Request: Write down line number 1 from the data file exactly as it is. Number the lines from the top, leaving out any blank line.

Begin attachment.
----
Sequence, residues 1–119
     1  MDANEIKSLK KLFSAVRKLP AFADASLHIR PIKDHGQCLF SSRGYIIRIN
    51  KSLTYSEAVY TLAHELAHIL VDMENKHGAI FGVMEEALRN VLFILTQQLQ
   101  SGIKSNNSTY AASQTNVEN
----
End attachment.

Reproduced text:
Sequence, residues 1–119